Welcome to Australia's only Vintage Radio and Television discussion forums. You are not logged in. Please log in below, apply for an account or retrieve your password.
Australian Vintage Radio Forums
  Home  ·  About Us  ·  Discussion Forums  ·  Glossary  ·  Outside Links  ·  Policies  ·  Services Directory  ·  Safety Warnings  ·  Tutorials

Tech Talk

Forum home - Go back to Tech talk

 1000 Ohms per volt meters
« Back · 1 · Next »
 Return to top of page · Post #: 1 · Written at 3:56:05 PM on 3 August 2020.
Gandhn's Gravatar
 Location: Cameron Park, NSW
 Member since 5 November 2010
 Member #: 770
 Postcount: 363

Where a circuit voltage chart is provided with other service information, reference is often made to the use of a 1000 Ohm per Volt meter for a very good reason.

I hope my little essay explains why this is so, why a digital multimeter can lead you astray and a simple fudge to help if you only have a newer device.


1000 OPV

 Return to top of page · Post #: 2 · Written at 4:37:57 PM on 3 August 2020.
Brad's avatar
 Location: Naremburn, NSW
 Member since 15 November 2005
 Member #: 1
 Postcount: 6851

Document uploaded.

A valve a day keeps the transistor away...

 Return to top of page · Post #: 3 · Written at 5:36:19 PM on 4 August 2020.
Tinkera123's Gravatar
 Location: Melbourne, VIC
 Member since 5 October 2009
 Member #: 555
 Postcount: 453

Hi Harold,

Well done .... this issue is so easy to forget ... and a good simple 'solution/approximation'.

In general, understanding our how to use a range of Test equipment, its capabilities and its limitations is very a under-rated part of our hobby.

Cheers, IanB

Cheers, Ian

 Return to top of page · Post #: 4 · Written at 6:20:13 PM on 4 August 2020.
Ian Robertson's Gravatar
 Location: Belrose, NSW
 Member since 31 December 2015
 Member #: 1844
 Postcount: 2109

Yes Harold, that is a good explanation.

My first (analogue) multimeter was 20,000 ohms per volt, same rules apply though.

We should also add that if the circuit specifies measurements taken with a VTVM (as do most vintage TV circuits), that's about the same as a modern digital meter.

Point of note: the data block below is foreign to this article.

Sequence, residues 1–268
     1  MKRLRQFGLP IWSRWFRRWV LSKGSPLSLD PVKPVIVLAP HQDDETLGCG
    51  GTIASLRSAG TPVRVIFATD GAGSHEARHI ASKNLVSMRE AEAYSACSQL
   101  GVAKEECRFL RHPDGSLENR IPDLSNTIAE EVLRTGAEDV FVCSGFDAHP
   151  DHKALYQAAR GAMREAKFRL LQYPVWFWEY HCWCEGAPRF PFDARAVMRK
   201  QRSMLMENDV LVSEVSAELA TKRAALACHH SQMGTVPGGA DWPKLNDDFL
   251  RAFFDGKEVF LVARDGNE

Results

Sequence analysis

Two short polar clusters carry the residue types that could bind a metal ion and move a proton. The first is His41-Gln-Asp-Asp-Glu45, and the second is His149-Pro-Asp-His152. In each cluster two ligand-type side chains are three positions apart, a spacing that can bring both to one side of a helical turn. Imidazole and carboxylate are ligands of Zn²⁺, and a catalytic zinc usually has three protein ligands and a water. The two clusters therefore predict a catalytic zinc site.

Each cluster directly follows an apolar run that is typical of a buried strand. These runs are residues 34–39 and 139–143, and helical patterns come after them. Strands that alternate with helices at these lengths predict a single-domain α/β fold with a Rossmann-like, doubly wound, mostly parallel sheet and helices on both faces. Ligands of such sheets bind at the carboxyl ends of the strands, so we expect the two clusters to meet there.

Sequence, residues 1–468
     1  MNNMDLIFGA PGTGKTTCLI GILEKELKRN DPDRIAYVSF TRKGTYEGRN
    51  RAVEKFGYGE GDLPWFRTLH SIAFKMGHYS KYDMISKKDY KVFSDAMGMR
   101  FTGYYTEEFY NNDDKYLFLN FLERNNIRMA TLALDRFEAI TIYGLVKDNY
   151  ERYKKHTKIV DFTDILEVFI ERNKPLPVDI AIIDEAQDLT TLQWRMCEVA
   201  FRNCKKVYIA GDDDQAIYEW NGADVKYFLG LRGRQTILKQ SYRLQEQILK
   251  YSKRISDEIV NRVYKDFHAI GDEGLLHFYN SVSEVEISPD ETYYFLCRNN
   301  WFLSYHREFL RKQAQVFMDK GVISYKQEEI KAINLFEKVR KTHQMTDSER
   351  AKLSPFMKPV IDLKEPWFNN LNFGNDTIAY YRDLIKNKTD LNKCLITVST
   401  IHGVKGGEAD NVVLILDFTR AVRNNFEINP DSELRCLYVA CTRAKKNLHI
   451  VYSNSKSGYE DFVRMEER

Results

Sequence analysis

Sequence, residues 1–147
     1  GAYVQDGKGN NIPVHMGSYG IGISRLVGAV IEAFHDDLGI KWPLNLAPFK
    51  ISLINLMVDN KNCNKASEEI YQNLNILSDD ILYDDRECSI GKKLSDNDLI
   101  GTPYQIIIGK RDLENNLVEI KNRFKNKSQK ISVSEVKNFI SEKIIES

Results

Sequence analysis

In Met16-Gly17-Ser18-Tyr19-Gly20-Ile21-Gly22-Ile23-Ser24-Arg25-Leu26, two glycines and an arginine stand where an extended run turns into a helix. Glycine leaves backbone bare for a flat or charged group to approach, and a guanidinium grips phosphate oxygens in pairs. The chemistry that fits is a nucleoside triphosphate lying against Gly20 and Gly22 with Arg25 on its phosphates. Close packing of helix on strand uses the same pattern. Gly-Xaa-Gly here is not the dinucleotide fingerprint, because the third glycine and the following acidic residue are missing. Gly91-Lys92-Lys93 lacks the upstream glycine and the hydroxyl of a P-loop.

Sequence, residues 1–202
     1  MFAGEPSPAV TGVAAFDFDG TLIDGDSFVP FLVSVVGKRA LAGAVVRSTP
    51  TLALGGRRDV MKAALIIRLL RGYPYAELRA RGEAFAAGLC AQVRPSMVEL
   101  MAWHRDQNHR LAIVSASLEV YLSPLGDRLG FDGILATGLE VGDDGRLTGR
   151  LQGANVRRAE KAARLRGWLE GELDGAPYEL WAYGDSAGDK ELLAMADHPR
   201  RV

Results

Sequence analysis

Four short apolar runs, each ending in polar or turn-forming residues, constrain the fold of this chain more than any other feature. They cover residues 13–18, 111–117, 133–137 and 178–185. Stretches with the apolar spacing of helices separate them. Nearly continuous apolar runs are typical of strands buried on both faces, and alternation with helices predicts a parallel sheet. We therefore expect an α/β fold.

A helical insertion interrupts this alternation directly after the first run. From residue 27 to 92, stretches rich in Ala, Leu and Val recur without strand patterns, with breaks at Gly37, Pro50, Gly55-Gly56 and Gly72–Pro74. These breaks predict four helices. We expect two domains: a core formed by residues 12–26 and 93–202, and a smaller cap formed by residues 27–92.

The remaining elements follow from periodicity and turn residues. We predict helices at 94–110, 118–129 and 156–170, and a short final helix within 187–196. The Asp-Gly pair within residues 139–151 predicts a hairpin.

Return to top of page · Post #: 5 · Written at 8:40:59 PM on 4 August 2020.
Gandhn's Gravatar
 Location: Cameron Park, NSW
 Member since 5 November 2010
 Member #: 770
 Postcount: 363

Thanks for your positive comments, Ian and Ian.

In a previous life, I spent some 25 years in the test and measurement field, before I was lured into the world of bar code scanning and still have an appreciation for the subject.


 Return to top of page · Post #: 6 · Written at 9:38:40 PM on 4 August 2020.
Marcc's avatar
 Location: Wangaratta, VIC
 Member since 21 February 2009
 Member #: 438
 Postcount: 4749

One can get all meters to lie, if you fail to appreciate how they work and how to apply them. What was used to measure voltages especially in old radios, as noted, is of critical importance. There is a note on one particular early RCA schematic, that states to the effect, "that the voltage measured at a certain point is not that which the Radiotron, is running on". This being the result of circuit loading of the meter used.

Digital meters can be an absolute curse if you try using it on a dirty load like an automotive DC generator. 500 opv AVO is much better. Some have serious issues with RF present on DC as in a Reflexed set. The analogue on DC will not see RF.


« Back · 1 · Next »
 You need to be a member to post comments on this forum.

Sign In

 Keep me logged in.
Do not tick box on a computer with public access.